Principal Software Engineer at Allscipts in Malvern, Pennsylvania, Microsoft Windows Dev MVP, Husband, Dad and Geek.
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Google Play updates and information: Resources for developers

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Posted by Sam Tolomei, Business Development Manager, Google Play
Illustration of a person typing on a laptop with tech icons on the side

In these unprecedented times, Google Play's mission to support you, ensure your businesses continue to operate well, and help users get the content they need is more important than ever. With a surge in need for information, communications tools, entertainment, and more, we are striving to ensure our operations run smoothly, and we need your support.

Below, we’ve pulled together some important information to help you maintain business continuity, as well as best practices to help you stay nimble in the changing landscape.

Extended app review times

Like many of you, we've had to manage work disruptions as a result of changing business conditions. This has led to a temporary slowing down of the app review process, which now may take 7 days or longer. As the situation evolves, we will continue to make sure that the most important updates reach users quickly, which may result in fluctuating review times. Certain critical apps may receive prioritized review and may not experience an extended delay in review time. Please check the Google Play Console for the most up-to-date information and guidance.

At the same time, in order to help ensure we are providing users with accurate and timely information relating to COVID-19, we also are prioritizing the review of apps published, commissioned, or authorized by official government entities and public health organizations.

If you want to control when your app goes live, we recommend timed publishing. Just submit your app for review, and once it’s approved, click “Go live” in the Play Console to instantly publish your app. Note: If you already have a release submitted to the production track that is under review, you will not see the “timed publishing” option.

Store listing guidelines

At Google Play we take our responsibility to provide accurate and relevant information for our users very seriously. For that reason, we are currently only approving apps that reference COVID-19 or related terms in their store listing if the app is published, commissioned, or authorized by an official government entity or public health organization, and the app does not contain any monetization mechanisms such as ads, in-app products, or in-app donations. This includes references in places such as the app title, description, release notes, or screenshots.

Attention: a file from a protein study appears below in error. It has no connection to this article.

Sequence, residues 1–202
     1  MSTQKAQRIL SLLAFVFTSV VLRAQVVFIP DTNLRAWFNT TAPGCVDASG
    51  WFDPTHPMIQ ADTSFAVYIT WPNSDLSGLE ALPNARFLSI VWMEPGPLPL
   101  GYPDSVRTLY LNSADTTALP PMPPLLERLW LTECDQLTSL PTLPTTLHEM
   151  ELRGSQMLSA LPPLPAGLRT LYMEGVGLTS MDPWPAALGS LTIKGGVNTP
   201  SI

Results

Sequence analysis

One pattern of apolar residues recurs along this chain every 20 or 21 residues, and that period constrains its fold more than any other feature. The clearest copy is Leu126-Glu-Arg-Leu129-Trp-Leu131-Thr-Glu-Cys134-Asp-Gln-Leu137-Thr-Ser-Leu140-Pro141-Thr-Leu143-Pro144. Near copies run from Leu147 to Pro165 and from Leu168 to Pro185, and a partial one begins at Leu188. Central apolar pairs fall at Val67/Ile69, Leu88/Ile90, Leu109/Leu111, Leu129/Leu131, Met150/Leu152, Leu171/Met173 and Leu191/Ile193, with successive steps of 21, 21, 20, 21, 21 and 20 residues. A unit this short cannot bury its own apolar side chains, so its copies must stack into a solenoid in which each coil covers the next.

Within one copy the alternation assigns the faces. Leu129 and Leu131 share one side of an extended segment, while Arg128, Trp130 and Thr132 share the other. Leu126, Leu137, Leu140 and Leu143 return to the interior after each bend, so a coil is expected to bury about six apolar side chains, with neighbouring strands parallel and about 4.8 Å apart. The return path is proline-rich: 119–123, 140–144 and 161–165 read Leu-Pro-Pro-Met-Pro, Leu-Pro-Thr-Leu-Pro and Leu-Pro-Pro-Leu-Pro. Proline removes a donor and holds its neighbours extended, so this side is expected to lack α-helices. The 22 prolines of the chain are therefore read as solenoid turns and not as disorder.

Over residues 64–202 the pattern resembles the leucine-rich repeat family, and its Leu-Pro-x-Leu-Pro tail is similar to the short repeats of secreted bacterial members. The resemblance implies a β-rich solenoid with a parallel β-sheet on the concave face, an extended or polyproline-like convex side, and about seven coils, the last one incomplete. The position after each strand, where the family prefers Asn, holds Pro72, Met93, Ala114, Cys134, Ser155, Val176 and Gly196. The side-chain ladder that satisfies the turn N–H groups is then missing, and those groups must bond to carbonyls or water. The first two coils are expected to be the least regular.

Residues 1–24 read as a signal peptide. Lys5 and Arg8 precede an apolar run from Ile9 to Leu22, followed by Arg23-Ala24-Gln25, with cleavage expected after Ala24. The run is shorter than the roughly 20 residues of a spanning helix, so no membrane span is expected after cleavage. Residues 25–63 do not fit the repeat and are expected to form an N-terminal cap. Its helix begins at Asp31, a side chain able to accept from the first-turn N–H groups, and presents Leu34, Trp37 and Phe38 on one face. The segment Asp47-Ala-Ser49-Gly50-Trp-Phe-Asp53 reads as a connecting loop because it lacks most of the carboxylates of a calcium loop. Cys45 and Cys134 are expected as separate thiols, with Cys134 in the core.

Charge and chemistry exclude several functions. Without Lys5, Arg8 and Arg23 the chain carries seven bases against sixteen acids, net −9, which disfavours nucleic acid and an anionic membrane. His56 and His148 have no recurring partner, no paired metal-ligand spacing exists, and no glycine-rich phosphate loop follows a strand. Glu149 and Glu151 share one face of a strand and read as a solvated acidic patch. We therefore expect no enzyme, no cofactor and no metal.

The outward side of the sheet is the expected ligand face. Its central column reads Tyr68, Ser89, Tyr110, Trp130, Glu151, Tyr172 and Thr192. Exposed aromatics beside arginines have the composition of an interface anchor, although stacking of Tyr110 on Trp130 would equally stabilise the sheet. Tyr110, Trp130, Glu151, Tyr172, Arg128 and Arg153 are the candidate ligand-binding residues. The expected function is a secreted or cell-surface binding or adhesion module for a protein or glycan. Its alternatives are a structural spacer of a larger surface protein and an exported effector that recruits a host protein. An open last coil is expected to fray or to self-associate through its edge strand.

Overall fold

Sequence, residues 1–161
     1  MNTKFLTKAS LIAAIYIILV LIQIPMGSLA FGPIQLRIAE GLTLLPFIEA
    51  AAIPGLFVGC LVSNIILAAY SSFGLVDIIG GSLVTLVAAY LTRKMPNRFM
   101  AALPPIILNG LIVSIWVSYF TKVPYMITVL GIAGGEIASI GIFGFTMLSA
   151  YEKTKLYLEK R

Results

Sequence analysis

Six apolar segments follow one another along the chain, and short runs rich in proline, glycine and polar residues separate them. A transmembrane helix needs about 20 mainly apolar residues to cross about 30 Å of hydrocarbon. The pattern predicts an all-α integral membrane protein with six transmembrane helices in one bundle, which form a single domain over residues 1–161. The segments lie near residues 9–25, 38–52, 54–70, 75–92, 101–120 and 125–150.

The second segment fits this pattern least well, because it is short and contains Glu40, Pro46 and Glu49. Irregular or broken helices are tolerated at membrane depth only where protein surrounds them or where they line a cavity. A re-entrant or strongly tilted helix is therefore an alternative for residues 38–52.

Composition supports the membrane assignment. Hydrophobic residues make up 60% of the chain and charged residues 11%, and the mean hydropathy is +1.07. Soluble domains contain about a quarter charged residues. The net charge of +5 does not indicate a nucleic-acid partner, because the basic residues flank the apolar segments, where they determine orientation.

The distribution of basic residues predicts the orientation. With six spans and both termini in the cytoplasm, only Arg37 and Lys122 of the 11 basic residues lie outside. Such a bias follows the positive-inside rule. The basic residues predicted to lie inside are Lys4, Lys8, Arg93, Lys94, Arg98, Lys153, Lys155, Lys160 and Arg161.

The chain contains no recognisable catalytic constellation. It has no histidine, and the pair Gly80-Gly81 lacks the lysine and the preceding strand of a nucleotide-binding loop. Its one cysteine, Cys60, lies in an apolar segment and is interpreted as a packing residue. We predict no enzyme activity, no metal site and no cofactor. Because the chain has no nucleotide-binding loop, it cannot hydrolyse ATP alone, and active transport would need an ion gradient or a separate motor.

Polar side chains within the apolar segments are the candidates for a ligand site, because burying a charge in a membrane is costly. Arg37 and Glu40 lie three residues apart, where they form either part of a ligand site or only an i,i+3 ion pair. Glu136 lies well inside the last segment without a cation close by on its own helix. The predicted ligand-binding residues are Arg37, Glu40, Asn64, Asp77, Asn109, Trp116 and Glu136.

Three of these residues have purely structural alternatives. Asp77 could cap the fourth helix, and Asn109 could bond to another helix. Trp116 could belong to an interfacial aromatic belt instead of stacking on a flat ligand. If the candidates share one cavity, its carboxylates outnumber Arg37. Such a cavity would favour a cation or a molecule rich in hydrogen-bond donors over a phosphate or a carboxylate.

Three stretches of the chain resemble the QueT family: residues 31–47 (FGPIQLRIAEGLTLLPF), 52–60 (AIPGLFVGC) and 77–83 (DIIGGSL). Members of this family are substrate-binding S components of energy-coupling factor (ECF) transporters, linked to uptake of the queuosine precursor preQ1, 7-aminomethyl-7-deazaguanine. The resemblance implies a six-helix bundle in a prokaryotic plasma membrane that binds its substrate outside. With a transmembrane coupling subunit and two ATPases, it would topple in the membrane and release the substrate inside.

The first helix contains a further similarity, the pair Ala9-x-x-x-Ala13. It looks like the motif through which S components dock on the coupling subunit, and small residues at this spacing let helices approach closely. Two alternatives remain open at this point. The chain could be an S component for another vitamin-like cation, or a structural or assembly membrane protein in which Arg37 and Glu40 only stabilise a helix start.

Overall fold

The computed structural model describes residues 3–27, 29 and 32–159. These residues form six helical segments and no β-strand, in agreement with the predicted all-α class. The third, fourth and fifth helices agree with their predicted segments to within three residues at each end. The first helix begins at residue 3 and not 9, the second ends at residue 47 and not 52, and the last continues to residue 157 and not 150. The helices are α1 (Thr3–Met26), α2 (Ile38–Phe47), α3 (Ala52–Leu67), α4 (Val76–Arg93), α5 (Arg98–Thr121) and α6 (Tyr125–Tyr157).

Removing inappropriate reviews

With the recent increase in traffic, some apps are seeing a spike in inappropriate one-star reviews from users. If you are receiving reviews that are not related to your app experience, you can flag the review in the Play Console. We’ve expanded our ability to assess and remove inappropriate reviews so we can handle your request as quickly as possible.

Subscriptions support

While subscriptions are a large part of many app business models, two groups are currently seeing the largest impact: 1) those whose core businesses have been adversely affected by COVID-19 (such as live event ticketing), and 2) those who provide a public service with their content or services.

For developers whose business value proposition has been affected, features like deferred billing and subscription pauses can help retain users until after the crisis has passed. For developers who want to offer their content or services like medical, online learning, and wellbeing apps at reduced or no cost, features like price changes and refunds through Google Play Billing are available to help.